On the other hand, God, by His very nature, wanted men to live eternally with Him. How could sinful man live eternally with a sinless God? It was God who provided the answer through the cross. Paul said, "He made Him who knew no sin to be sin on our behalf, that we might become the righteousness of God in Him" (2 Corinthians 5:21). God was willing to allow His Son to take the punishment for man's sins. His sinless Son was "becoming sin" (taking our sins) so that we might "become righteous" (or be counted as righteous in the sight of God).
The question asked over and again in scripture- -"What must I do to be saved" -- suggests that salvation is conditional. If not, then the answer to the question would always be "Nothing"
A rich man once asked Jesus, "Good Teacher, what shall I do to inherit eternal life" (Mark 10:17)
When Peter preached on the first Pentecost after the resurrection, the Jews present asked the question, "Brethren, what shall we do?" (Acts 2:37). This indicates that something had to be done.
Some time later, the Lord spoke from heaven to Saul of Tarsus, and Saul responded with the question, "What shall I do, Lord?" (Acts 22: 10).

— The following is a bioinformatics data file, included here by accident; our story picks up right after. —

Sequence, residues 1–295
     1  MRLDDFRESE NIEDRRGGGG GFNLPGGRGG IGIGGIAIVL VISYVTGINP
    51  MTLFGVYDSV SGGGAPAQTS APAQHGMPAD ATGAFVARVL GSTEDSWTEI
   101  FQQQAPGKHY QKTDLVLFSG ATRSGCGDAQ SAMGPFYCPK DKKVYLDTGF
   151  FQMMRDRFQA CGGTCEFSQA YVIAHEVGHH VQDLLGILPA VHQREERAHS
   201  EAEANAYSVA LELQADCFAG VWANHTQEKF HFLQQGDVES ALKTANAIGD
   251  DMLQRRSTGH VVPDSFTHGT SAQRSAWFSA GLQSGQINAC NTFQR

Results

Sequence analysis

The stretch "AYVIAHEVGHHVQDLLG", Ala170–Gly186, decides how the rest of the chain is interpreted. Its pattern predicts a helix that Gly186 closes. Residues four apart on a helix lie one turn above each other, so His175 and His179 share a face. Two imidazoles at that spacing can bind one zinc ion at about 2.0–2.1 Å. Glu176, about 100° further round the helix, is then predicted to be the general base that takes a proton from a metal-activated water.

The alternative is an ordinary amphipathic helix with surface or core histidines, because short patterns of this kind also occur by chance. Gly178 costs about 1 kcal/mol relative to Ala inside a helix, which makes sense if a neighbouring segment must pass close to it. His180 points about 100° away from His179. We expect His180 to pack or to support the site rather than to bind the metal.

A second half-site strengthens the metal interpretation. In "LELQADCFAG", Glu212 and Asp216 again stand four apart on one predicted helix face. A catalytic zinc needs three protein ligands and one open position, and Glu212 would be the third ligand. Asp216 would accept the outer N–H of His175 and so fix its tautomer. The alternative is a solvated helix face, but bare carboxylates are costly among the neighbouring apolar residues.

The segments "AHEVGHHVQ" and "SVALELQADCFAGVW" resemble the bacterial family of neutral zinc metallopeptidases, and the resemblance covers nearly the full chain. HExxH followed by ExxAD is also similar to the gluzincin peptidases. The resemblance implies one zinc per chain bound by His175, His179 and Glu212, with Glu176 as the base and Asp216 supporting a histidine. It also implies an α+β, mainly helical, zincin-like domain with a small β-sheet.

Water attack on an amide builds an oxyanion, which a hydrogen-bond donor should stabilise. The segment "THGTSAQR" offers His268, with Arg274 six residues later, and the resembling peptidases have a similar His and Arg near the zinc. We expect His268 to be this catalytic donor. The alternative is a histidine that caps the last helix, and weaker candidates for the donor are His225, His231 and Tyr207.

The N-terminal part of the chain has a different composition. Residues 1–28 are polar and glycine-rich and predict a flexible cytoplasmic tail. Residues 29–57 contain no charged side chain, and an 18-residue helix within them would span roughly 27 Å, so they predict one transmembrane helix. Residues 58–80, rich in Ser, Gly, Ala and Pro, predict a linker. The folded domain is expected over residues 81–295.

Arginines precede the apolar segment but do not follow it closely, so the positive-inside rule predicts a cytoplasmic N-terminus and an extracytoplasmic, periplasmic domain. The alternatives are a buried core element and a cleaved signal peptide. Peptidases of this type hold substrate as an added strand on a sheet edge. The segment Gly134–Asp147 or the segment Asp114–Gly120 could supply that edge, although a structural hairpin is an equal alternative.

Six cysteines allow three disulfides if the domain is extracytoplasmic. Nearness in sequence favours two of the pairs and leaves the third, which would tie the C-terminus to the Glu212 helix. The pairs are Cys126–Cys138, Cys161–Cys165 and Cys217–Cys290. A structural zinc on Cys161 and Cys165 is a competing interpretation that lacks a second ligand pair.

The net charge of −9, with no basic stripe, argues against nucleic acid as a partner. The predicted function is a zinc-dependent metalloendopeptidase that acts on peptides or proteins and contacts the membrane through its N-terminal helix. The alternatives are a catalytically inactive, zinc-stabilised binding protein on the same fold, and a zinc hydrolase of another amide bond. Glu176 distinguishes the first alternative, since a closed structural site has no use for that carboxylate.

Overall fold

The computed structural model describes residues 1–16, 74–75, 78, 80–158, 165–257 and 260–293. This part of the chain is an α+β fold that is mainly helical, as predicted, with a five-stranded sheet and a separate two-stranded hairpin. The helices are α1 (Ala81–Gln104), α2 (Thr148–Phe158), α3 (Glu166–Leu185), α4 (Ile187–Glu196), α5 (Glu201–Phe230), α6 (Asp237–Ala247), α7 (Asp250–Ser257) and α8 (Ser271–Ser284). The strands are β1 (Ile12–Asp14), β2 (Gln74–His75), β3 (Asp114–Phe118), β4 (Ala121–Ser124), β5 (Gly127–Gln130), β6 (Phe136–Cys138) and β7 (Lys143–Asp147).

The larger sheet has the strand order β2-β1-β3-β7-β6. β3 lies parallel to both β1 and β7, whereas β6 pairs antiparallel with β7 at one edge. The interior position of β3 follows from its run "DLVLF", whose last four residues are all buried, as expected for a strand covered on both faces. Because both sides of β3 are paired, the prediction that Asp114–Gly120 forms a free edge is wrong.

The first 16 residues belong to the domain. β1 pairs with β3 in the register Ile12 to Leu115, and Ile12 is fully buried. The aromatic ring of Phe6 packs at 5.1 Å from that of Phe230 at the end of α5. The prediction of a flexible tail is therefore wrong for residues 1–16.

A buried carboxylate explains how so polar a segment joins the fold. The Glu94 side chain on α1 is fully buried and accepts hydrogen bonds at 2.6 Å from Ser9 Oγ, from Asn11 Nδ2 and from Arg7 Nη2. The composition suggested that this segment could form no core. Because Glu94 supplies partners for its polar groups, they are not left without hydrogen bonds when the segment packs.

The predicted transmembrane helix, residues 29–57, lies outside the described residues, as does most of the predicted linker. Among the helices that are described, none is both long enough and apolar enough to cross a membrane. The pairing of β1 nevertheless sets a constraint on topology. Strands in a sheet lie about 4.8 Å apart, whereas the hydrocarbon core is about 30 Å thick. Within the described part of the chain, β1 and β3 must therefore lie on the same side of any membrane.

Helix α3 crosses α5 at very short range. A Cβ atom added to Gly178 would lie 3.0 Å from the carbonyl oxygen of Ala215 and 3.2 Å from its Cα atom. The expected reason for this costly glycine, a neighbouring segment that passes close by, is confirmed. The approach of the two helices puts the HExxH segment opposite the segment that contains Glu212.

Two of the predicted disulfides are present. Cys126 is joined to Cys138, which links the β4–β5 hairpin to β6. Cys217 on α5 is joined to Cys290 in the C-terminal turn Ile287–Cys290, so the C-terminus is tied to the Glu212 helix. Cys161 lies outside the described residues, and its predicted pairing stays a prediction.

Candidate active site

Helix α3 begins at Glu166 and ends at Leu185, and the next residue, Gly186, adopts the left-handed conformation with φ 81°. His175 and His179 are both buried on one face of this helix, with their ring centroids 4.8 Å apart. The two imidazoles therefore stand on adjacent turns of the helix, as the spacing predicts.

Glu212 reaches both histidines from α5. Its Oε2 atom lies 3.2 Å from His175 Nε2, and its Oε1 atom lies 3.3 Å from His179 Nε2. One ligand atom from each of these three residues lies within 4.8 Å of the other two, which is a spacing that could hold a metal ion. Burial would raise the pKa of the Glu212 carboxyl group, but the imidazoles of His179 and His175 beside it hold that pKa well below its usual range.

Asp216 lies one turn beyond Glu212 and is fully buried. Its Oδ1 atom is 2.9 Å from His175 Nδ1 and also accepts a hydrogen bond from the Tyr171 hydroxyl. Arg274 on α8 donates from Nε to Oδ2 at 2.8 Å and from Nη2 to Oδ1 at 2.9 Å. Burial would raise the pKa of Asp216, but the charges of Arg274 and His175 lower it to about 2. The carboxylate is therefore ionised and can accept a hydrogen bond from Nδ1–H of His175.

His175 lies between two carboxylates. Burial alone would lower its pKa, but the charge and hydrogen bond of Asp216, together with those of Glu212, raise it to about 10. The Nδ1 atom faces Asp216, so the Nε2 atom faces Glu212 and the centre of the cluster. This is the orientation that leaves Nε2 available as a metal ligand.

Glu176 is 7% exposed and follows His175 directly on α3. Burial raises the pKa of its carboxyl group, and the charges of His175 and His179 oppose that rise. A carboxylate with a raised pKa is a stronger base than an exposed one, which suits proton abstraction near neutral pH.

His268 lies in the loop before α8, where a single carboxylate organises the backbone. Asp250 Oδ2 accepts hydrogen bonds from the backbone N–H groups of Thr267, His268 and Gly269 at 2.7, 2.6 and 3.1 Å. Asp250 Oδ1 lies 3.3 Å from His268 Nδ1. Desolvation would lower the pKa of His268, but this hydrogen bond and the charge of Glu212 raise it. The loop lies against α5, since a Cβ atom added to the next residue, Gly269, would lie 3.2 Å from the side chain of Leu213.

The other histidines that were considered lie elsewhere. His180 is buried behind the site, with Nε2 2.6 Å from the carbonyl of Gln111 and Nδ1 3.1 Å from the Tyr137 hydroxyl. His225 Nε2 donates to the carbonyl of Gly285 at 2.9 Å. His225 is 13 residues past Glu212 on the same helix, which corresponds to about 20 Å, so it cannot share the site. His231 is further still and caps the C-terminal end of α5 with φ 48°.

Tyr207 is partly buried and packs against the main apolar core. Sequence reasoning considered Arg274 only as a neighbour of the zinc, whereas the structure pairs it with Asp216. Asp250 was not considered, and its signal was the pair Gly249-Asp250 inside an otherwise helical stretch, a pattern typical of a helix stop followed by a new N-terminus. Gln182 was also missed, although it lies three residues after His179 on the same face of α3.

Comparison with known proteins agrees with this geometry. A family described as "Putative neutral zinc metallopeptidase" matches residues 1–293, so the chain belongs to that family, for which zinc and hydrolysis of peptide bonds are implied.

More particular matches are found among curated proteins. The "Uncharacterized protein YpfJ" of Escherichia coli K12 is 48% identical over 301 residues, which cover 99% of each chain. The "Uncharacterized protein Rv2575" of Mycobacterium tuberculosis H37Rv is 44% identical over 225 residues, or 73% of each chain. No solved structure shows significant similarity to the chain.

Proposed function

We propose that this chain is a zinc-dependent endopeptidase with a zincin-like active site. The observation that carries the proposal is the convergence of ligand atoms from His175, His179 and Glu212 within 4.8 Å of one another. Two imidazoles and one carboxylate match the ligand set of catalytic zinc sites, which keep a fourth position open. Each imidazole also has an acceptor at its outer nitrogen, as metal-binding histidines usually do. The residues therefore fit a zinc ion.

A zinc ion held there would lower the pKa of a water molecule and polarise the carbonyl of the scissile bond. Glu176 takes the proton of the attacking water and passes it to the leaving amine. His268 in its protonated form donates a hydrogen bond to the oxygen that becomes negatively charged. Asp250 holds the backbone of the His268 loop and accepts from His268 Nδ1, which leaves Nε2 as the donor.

Still again, a Philippian jail keeper, convicted of the reality of Christianity, once asked the question, "Sirs, what must I do to be saved?" (Acts 16:30). All of these questions are saying the same thing -- "Salvation is conditional.
In reference to His divinity, Jesus put it this way: "for unless you believe that I am He, you shall die in your sins" (John 8:24). He further said, "He who has believed and has been baptized shall be saved; but he who has disbelieved shall be condemned" (Mark 16:16).
Can we stop here? Can we say simply, "That's it; just believe and you will be forgiven of your sins and go to heaven when you die." Hardly! James said, "You believe that God is one. You do well; the demons also believe and shudder" (James 2:19). Then he added, "But are you willing to recognize, you foolish fellow, that faith without works is useless?" (James 2:20). Indeed, faith is essential, but it can never stand alone. Faith and obedience are always coupled in scripture.
Peter once told a group of people who were convicted of their sins, "Repent, and let each of you be baptized in the name of Jesus Christ for the forgiveness of your sins..." (Acts 2:38). If an individual is not sorry for the sins of his life, then why even try to be a follower of Christ?
Jesus once said, "Every one therefore who shall confess Me before men, I will also confess him before My Father who is in heaven" (Matthew 10:32).
The Bible teaches that baptism is "for the forgiveness of your sins" (Acts 2:38). It is a part of the salvation process.
Peter makes the statement that "baptism now saves you" (I Peter 3:21). He is saying that just as Noah and his family were saved when God brought them "safely through the water," even so we are saved by the water of baptism.
Furthermore, Paul says: "For all of you who were baptized into Christ have clothed yourselves with Christ" (Galatians 3:27). The whole process is one of faith and obedience.
(c) 1997 The Fishinger & Kenny Roads Church of Christ,
Columbus, Ohio, U.S.A.
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